Wife wants Tempe judge to come home weeks after stabbing incident

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The Chandler Police Department has opened an internal investigation into the handling of the arrest of a Tempe judge. (Source: 3TV/CBS 5) The Chandler Police Department has opened an internal investigation into the handling of the arrest of a Tempe judge. (Source: 3TV/CBS 5)
Tempe Municipal Court Judge Thomas Robinson (Source: Maricopa County Sheriff's Office) Tempe Municipal Court Judge Thomas Robinson (Source: Maricopa County Sheriff's Office)
PHOENIX (3TV/CBS 5) -

There's a new twist in the case of a Tempe judge accused of stabbing his wife 10 times.

Tempe municipal court Judge Thomas Robinson was arrested in September, accused of stabbing his wife at their Chandler home during a domestic violence incident.

Robinson was booked into jail on suspicion of 10 counts of aggravated assault.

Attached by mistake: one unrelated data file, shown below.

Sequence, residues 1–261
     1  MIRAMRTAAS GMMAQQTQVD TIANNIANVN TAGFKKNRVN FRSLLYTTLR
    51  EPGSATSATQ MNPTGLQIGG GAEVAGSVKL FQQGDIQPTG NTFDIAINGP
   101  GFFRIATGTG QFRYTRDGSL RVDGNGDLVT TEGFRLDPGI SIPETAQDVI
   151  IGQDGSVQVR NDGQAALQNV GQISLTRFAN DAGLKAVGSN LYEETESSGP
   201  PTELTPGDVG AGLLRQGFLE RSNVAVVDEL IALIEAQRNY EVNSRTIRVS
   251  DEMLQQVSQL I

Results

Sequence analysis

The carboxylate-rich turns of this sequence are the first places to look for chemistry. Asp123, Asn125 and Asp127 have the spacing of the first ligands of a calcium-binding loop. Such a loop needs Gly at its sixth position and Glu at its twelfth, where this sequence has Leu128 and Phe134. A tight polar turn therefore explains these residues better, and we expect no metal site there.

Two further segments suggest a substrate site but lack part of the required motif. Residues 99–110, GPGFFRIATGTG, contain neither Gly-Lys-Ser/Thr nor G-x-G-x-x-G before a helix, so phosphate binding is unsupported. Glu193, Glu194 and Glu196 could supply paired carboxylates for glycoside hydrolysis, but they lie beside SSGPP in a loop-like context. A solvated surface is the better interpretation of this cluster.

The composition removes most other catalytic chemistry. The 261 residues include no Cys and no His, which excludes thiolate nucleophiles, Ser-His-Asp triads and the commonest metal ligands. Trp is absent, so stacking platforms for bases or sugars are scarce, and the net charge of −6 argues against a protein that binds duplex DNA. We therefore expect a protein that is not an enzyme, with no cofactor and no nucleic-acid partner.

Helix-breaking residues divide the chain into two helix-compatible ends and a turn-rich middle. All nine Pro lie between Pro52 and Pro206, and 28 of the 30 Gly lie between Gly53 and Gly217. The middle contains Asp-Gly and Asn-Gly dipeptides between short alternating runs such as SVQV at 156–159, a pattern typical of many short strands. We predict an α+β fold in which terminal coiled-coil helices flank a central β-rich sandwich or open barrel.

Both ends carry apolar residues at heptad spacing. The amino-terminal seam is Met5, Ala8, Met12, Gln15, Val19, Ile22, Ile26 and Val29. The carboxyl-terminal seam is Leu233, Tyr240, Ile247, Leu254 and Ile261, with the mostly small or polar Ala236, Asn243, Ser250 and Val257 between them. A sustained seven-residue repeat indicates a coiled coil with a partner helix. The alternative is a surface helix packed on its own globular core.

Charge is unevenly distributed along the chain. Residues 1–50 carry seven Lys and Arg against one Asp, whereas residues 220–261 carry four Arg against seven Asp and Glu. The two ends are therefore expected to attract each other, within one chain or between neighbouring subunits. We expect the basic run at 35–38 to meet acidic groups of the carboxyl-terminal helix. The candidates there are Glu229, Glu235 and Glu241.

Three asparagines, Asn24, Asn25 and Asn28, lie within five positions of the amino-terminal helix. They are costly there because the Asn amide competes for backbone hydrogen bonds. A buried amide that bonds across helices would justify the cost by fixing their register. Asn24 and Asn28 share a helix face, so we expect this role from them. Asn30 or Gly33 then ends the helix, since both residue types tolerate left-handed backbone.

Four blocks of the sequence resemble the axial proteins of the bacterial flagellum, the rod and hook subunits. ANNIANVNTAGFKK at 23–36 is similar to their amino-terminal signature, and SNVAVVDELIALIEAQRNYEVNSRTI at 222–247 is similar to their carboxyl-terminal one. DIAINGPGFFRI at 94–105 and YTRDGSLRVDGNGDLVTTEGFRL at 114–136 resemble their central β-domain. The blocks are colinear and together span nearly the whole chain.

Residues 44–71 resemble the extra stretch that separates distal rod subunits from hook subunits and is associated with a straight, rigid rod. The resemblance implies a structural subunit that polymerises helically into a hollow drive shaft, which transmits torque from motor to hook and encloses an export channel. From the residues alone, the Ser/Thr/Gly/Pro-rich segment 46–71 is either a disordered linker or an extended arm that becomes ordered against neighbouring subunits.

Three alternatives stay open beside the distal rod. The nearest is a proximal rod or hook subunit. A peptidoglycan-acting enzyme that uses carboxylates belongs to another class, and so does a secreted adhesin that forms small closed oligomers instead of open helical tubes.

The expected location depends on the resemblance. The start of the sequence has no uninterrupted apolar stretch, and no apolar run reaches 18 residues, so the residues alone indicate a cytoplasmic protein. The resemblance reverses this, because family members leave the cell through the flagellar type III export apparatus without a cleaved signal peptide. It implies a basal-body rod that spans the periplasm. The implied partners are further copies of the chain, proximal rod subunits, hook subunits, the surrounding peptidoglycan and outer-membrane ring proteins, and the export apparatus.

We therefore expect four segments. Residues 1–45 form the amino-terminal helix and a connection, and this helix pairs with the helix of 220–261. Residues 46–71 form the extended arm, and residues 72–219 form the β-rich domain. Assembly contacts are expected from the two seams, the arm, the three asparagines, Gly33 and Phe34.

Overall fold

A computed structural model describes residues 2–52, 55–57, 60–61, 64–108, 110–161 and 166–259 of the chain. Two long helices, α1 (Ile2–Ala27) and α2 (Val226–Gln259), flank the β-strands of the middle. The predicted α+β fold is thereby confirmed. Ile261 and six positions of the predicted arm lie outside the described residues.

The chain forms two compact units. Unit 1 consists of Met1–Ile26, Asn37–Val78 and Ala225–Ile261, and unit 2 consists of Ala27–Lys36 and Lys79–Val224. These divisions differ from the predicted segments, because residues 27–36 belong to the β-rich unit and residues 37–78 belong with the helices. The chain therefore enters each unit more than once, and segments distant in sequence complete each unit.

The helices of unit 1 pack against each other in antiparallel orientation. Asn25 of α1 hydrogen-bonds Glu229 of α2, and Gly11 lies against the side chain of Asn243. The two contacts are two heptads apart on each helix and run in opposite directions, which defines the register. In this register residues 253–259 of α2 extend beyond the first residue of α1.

He has also been placed on administrative leave.

Robinson appeared in court on Friday. His wife also showed up in the courtroom.

She was there to request that his release conditions be modified.

She said she wants him to be allowed contact with her and wants him to be allowed to come home. 

"I don't feel like I'm in danger with Mr. Robinson and I would really like to have communication with him," she said.

Her request was denied.

She also waived her rights as a "victim," meaning that the defense will have a chance to interview her in court.

[ORIGINAL STORY: Police: Tempe judge admits stabbing wife 10 times, said he and wife 'stonewalled' detectives]

This all goes back to the afternoon of Aug. 25 when police were called to Chandler Regional Medical Center to speak to a woman – Robinson's wife -- who had been stabbed multiple times.

[WATCH RAW VIDEO: Robinson's initial court appearance]

According to the probable cause for arrest statement, Robinson, 55, told police he had gone for a walk that morning, leaving the door to the Chandler home he shares with his wife and family unlocked.